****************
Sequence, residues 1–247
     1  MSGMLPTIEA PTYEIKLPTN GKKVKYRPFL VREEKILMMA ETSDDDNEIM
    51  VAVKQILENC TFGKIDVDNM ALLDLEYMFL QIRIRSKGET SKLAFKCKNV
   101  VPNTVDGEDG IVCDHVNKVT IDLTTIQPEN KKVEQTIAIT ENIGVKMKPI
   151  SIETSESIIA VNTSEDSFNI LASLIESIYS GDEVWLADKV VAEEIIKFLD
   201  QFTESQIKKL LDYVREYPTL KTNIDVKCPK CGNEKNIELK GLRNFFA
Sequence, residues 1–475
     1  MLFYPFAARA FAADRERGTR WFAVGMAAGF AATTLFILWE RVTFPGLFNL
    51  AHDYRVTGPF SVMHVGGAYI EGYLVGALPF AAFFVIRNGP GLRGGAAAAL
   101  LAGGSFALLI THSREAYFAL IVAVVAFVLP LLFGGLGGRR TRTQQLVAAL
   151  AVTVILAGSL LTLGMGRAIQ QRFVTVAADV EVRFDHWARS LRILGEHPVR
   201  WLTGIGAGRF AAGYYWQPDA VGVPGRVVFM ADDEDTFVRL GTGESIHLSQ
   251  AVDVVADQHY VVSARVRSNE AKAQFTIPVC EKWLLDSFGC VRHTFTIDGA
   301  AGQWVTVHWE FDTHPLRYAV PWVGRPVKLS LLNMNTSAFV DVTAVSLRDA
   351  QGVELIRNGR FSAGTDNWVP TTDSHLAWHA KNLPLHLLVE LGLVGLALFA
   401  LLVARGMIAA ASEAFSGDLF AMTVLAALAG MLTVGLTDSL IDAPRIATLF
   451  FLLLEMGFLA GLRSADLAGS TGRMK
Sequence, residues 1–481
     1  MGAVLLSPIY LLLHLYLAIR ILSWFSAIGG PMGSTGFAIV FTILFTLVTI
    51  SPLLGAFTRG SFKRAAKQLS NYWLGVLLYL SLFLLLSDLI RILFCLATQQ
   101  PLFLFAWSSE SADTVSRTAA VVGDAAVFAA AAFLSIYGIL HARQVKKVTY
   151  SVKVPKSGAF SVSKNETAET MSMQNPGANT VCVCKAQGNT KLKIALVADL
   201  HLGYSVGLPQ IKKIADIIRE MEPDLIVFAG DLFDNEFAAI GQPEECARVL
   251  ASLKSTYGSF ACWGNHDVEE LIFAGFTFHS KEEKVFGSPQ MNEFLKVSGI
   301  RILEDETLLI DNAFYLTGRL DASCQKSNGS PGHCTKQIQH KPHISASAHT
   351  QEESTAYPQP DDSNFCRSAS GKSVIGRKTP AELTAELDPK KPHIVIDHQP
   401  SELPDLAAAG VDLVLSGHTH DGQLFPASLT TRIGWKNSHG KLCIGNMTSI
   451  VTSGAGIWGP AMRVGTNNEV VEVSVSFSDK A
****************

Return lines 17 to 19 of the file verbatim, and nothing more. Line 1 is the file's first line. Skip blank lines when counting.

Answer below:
   451  FLLLEMGFLA GLRSADLAGS TGRMK
Sequence, residues 1–481
     1  MGAVLLSPIY LLLHLYLAIR ILSWFSAIGG PMGSTGFAIV FTILFTLVTI